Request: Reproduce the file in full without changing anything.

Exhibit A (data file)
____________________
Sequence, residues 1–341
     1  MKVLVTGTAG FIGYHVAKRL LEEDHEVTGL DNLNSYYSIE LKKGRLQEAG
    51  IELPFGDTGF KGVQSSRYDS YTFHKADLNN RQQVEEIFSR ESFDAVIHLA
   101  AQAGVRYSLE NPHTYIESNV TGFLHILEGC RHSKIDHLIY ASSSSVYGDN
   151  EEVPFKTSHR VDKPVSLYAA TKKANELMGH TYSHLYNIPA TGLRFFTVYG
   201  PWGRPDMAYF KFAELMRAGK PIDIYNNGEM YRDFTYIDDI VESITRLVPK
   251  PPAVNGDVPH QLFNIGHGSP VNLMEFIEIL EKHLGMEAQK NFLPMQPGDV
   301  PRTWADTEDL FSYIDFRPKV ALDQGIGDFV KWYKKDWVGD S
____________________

Sequence, residues 1–341
     1  MKVLVTGTAG FIGYHVAKRL LEEDHEVTGL DNLNSYYSIE LKKGRLQEAG
    51  IELPFGDTGF KGVQSSRYDS YTFHKADLNN RQQVEEIFSR ESFDAVIHLA
   101  AQAGVRYSLE NPHTYIESNV TGFLHILEGC RHSKIDHLIY ASSSSVYGDN
   151  EEVPFKTSHR VDKPVSLYAA TKKANELMGH TYSHLYNIPA TGLRFFTVYG
   201  PWGRPDMAYF KFAELMRAGK PIDIYNNGEM YRDFTYIDDI VESITRLVPK
   251  PPAVNGDVPH QLFNIGHGSP VNLMEFIEIL EKHLGMEAQK NFLPMQPGDV
   301  PRTWADTEDL FSYIDFRPKV ALDQGIGDFV KWYKKDWVGD S